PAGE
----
Marsh Wren (Cistothorus palustris) by Ray

Marsh Wren (Cistothorus palustris) by Ray


THE MARSH WRENS.

A happier pair of birds than these little Wrens it would be hard to find.

They have just come up from taking their morning bath and are going to sing a while before going to work on their nests.

You see I say nests. That is a strange thing about the Wrens, they build several nests. I wonder if you can tell why they do this. If you can’t, ask your teacher about it.

It is a little too early in the season or I would have one of the nests in the picture for you to look at.

I will try to describe it to you, so that you will know it when you see it. These little Wrens make their nests of coarse grasses, reed stalks, and such things, lined with fine grasses. It is round like a ball, or nearly so, and has the opening in the side. They fasten them to the reeds and bushes.

If you wish to get acquainted with these birds, you must visit the tall grasses and cat-tails along rivers and creeks and in marshes.

You won’t have to let them know that you are coming; they will see you long before you see them, and from their little nests they will begin to scold you, for fear that you mean to do them harm.

When they see that you mean them no harm, they will begin to entertain you with their songs. Oh, how they do sing! It just seems as though they would burst with song.

You can see how happy the one is in the picture. The other little fellow will soon take his turn. See how straight he holds his tail up. Find out all you can about these Wrens. You notice they have long bills. We call them Long-billed Marsh Wrens. There are several other kinds. You surely must have seen their cousins, the House Wrens. I will show you their pictures some day.

Marsh Wren (Cistothorus palustris) by Ian

Marsh Wren (Cistothorus palustris) by Ian


Lee’s Addition:

This Wren, the Marsh Wren, belongs to the Troglodytidae – Wrens Family. There are actually three families that Wrens show up in: the Troglodytidae – Wrens; New Zealand Wrens – Acanthisittidae; Australasian Wrens – Maluridae (Fairywrens, Emu-Wrens, Grasswren). There are other birds with Wren in the names like; Wrenthrush, Wren-babblers, Wren-Spinetail, Wren-Warblers. “There are approximately 80 species of true wrens in approximately 20 genera.” There is a slight difference in the Eastern and western populations of the Marsh Wren. Their songs are the biggest difference. The eastern wrens are more musical than the western ones.

The Marsh Wren (Cistothorus palustris) is a small North American songbird of the wren family. It is sometimes called Long-billed Marsh Wren to distinguish it from the Sedge Wren, also known as Short-billed Marsh Wren.

Adults have brown upperparts with a light brown belly and flanks and a white throat and breast. The back is black with white stripes. They have a dark cap with a white line over the eyes and a short thin bill.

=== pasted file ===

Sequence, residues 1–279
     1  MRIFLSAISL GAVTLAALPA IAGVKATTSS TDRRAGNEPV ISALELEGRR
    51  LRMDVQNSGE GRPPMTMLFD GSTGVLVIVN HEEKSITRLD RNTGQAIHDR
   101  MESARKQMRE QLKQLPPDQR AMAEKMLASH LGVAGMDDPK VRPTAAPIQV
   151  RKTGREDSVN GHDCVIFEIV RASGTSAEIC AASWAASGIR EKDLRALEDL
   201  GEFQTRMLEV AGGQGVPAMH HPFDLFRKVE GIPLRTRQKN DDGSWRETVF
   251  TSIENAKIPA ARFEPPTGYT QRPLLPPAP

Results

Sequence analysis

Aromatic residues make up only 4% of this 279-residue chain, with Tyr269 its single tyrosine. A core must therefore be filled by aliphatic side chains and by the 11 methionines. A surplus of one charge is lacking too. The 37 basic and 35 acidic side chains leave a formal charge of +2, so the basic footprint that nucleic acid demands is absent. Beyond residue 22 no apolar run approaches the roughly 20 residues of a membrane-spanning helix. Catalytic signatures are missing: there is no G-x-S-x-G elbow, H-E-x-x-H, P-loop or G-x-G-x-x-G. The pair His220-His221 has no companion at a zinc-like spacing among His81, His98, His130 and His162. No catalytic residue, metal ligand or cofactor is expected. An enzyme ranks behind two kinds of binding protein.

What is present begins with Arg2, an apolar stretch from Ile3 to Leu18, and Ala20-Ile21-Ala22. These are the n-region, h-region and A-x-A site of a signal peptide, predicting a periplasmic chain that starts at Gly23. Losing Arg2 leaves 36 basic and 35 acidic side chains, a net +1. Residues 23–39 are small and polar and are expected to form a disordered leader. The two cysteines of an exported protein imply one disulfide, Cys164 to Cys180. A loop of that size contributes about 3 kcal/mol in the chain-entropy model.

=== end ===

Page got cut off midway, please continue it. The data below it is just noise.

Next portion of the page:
The male’s song is a loud gurgle used to declare ownership of territory; western males have a more varied repertoire.

Beside them the birds of the heavens dwell; they sing among the branches. (Psalms 104:12 ESV)

Their breeding habitat is marshes with tall vegetation such as cattails across North America. In the western United States, some birds are permanent residents. Other birds migrate to marshes and salt marshes in the southern United States and Mexico. These birds forage actively in vegetation, sometimes flying up to catch insects in flight. They mainly eat insects, also spiders and snails.

The nest is an oval lump attached to marsh vegetation, entered from the side. The clutch is normally 4–6 eggs, though the number can range from 3–10. The male builds many unused nests in his territory; he may puncture the eggs of other birds nesting nearby.

Marsh Wren (Cistothorus palustris) by Daves BirdingPix

Marsh Wren (Cistothorus palustris) by Daves BirdingPix

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Birds Illustrated by Color Photograhy Vol 1 April 1897 No 4 – Cover

Birds Illustrated by Color Photography – Revisited

The above article is an article in the monthly serial for April 1897 “designed to promote Knowledge of Bird-Live.” These include Color Photography, as they call them, today they are drawings. There are at least three Volumes that have been digitized by Project Gutenberg.

To see the whole series of – Birds Illustrated by Color Photography – Revisited

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(Information from Wikipedia and other internet sources)

Next Article – The Arizona Green Jay

Previous Article – The Bohemian Wax-Wing

Wordless Birds

Links:

Marsh Wrens – All About Birds

Marsh Wren – Birdweb

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Ad for Birds Illustrated, 1897

Ad for Birds Illustrated, 1897